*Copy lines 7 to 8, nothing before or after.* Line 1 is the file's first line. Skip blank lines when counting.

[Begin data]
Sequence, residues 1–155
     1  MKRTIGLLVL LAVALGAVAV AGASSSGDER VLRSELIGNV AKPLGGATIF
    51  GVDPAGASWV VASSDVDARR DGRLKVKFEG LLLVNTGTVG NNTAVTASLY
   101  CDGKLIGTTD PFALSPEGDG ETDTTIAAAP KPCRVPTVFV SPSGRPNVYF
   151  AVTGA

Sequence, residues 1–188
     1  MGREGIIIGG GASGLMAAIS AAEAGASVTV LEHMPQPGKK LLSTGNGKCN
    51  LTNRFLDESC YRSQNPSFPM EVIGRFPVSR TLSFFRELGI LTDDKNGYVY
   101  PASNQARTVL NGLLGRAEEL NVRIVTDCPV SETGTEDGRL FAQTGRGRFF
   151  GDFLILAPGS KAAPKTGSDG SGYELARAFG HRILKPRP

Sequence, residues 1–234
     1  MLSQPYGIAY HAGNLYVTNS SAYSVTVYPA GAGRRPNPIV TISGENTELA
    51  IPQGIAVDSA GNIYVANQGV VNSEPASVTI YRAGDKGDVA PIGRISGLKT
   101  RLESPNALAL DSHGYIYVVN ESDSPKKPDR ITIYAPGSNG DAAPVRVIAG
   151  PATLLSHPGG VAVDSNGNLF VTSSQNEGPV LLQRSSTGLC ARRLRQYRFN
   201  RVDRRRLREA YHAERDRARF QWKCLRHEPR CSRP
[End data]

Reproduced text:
     1  MGREGIIIGG GASGLMAAIS AAEAGASVTV LEHMPQPGKK LLSTGNGKCN
    51  LTNRFLDESC YRSQNPSFPM EVIGRFPVSR TLSFFRELGI LTDDKNGYVY